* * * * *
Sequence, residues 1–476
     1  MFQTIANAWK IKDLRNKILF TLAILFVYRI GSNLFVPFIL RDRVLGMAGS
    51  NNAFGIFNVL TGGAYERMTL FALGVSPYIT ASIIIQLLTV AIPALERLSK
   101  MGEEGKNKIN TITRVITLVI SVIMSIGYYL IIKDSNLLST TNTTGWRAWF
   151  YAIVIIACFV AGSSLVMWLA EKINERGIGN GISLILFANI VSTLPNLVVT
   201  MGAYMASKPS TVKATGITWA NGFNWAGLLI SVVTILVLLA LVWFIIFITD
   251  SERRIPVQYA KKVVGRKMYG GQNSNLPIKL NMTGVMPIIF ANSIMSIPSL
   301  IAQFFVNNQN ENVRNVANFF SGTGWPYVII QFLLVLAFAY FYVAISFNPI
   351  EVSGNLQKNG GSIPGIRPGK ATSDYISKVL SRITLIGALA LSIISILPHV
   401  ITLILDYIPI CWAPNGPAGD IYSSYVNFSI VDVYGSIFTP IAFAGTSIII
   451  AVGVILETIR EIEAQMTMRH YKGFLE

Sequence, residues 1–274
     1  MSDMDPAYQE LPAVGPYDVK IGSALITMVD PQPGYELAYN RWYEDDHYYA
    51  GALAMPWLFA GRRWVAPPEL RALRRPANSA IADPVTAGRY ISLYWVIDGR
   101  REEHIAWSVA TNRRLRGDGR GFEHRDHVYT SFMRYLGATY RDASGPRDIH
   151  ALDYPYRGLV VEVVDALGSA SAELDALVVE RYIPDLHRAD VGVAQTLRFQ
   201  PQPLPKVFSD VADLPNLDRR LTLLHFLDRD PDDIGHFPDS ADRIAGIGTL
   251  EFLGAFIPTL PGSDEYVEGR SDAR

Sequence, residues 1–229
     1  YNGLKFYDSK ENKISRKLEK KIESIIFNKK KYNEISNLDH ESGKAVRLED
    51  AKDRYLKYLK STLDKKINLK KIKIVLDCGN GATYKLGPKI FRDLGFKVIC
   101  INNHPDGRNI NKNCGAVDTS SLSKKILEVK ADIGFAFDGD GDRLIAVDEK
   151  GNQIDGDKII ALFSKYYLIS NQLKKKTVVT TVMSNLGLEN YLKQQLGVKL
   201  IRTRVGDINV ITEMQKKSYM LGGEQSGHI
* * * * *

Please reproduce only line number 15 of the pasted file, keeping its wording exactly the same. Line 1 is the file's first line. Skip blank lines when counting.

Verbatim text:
   101  REEHIAWSVA TNRRLRGDGR GFEHRDHVYT SFMRYLGATY RDASGPRDIH